Table for One: Mastering the art of eating out alone

“Are you waiting for someone, miss?”

The question from the bartender is simple enough. He sees a young women sitting at the bar on a Monday night, obviously at ease and not rushing to grab the menu at first chance pretending to be fully occupied by its contents. In his mind she must be waiting for someone to join her. But the truth is she is not and she is not afraid to say it. Well not anymore.

The decided “no I am not” followed by a smile throws him for a brief second. But he hands me the menu and the drink list, leaving me alone to decide. I am not in any rush. My phone is decidedly put away in my purse, which hangs from a hook under the bar and out of reach. I don’t reach for a newspaper or display some thick novel as a not-so-subtle Do Not Disturb sign plastered for all to see. I sit comfortably at the high counter, looking around me and taking in the people, place, and smells. My mind lingers over two dishes – should I go with the gnocchi or salmon tonight? A glass of Vermentino swirls casually in my right hand.

I started dining out alone my first year of college. The majority of my courses fell Monday through Thursday and aside from my part-time job I found that my Fridays held much of my free time for the week. Before being engulfed by weekend shenanigans and early morning study sessions those Fridays offered me a moment of respite. They became my “me days”. Sitting at one of my three favorite cafés in downtown Santa Barbara, I would have lunch alone and read. Hours would pass by and while the waiters and waitress wouldn’t rush me to move, I did experience the occasional judgmental look of fellow diners. For some reason the image of a lone diner invokes feelings of sadness and I was keenly aware that I was a young, unaccompanied female sitting amongst families and groups of friends. I could feel their stares and would bury myself deeper into my book.

When grad school rolled around my alone time switched from casual lunches to nighttime bar crawls or coffee houses. I had discovered that I did my best studying with white noise. Earplugs and music were replaced with the loud chatter of a couple dozen drunken college students. My lunch was replaced with a tall beer and plate of samosas; my novels with a stack of heavy textbooks and spiraled notebooks filled with scribblings and lecture notes. There is a decided difference between a café and bar. I couldn’t have picked a less desirable place to be alone on a Friday night but there I was feeling brave and, yes, even a bit afraid. The empty chairs around my small table in the corner meant an automatic invitation to any man who felt I needed a friend. It baffled them that a young women alone at a bar was not there for the sole purpose of finding a little strange for the night. Even when she specifically said “no thanks” it would take a few repeated nos before they would leave me alone and most would just give up and move on to the next available-looking female. A few did press their hand with promises of free drinks and a great time I would never forget. I usually just rolled my eyes and returned to my notes.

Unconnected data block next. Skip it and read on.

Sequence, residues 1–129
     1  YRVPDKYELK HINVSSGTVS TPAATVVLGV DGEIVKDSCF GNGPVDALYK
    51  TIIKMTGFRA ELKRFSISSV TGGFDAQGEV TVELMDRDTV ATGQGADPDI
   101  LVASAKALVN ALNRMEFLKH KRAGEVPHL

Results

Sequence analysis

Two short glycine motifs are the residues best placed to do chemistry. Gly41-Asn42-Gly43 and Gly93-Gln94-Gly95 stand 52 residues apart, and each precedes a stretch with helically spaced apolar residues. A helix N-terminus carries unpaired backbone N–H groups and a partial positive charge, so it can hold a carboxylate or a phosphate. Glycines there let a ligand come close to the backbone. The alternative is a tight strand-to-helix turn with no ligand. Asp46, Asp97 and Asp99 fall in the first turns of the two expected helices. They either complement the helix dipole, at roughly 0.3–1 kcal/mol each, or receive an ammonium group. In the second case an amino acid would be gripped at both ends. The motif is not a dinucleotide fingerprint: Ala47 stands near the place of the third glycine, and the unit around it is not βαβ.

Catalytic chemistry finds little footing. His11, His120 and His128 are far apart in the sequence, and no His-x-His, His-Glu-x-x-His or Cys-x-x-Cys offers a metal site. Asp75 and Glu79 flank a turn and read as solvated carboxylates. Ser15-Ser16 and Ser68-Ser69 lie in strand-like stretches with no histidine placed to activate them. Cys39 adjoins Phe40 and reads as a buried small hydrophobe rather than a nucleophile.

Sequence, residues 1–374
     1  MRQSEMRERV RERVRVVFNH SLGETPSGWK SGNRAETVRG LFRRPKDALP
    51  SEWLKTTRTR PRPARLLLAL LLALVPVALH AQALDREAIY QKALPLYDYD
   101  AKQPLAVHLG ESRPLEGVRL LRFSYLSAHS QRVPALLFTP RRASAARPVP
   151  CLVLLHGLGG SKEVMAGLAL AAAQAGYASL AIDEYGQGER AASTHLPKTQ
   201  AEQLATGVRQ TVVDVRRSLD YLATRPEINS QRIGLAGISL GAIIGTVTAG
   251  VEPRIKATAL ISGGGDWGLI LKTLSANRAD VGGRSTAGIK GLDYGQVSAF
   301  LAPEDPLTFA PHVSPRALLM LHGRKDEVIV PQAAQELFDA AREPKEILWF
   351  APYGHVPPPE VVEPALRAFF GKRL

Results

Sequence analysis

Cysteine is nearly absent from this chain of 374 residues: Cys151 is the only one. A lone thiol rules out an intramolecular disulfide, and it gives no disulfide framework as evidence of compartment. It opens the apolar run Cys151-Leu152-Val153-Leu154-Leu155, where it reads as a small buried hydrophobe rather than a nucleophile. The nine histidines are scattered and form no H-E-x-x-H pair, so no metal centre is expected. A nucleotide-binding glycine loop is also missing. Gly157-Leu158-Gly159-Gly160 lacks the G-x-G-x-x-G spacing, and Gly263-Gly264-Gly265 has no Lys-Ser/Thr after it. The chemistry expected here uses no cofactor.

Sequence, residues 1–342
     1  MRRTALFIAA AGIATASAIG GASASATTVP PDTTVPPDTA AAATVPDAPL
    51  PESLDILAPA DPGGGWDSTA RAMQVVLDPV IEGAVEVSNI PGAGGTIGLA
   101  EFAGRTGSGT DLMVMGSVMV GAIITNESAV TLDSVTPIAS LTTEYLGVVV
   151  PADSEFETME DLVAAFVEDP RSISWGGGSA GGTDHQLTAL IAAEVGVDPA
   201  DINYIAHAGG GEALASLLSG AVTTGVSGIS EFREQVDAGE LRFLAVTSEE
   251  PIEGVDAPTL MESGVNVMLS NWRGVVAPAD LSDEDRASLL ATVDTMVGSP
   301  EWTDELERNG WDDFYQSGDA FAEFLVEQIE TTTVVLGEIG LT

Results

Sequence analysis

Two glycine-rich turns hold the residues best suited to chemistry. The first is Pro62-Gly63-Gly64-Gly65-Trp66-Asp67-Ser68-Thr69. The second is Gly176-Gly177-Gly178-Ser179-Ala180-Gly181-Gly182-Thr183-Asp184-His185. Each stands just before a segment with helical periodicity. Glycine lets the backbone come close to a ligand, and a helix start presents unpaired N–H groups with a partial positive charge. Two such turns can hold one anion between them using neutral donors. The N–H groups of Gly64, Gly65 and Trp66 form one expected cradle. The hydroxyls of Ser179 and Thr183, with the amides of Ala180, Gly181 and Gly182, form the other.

After college dining out became a lot easier. I started noticing that I didn’t necessarily need a safety blanket. Sometimes I would bring a book because I couldn’t put it down but also couldn’t ignore the repeated hunger rumblings growing in my stomach. Other times I would be engaged in text conversations with various friends. I would catch myself laughing out loud at things they would say and not being embarrassed of doing so. But most of the time I sat alone quietly, enjoying my meal and just taking in my surroundings. I loved the solitude.

Once out of school and striking out on my own I started to feel a lot more comfortable in the public space. Soon I was going solo to festivals, music events, museums, street fairs, random day trips outside of the city, and even to movies (currently one of my favorite alone time activities to this day). There is a profound sense of freedom and independence when you’re able to do things solo without feeling the shame of being alone.

From an early age we are taught to view eating alone as an at home activity or an on-the-go quick bite to eat. During my formative years eating was associated with family time. Meals that were kept inside the home offered my parents the chance to ask me and my brother about our day at school, things we learned, and kids we met. Life lessons were handed along with the dinner rolls. If I went out to eat it was either with my family or at a friend’s birthday party or home. I never once considered eating by myself. As a teenager I started experiencing group meals out of the confines of the house more and more. The meals were rarely if ever fancy, often consisting of pizza, burgers or tacos, but they were still regulated to groups. Even at school we quickly clustered into groups of two or more at lunchtime, fully aware that if caught eating alone we would be that kid.

Now, when I am perched on my stool or slouched comfortably back in my chair, I get to think about my day uninterrupted; what I want to eat, work, friends, life issues I need to solve or what TV show I need to catch up on. I get to sit and ponder life’s great mysteries or enjoy watching first-hand a first date or group celebration. If a game is playing on the corner flat screen I’ll glance at it from time to time. It doesn’t cause me sadness nor do waves of loneliness wash over me. Sometimes I catch the eye of a fellow single diner and mutual understanding passes between us. We are happy, we are content, and the only question I need to ask myself is where to next?


  1. I love your writing, I want to encourage you to keep it up …


    1. Thank you! I really enjoy it.


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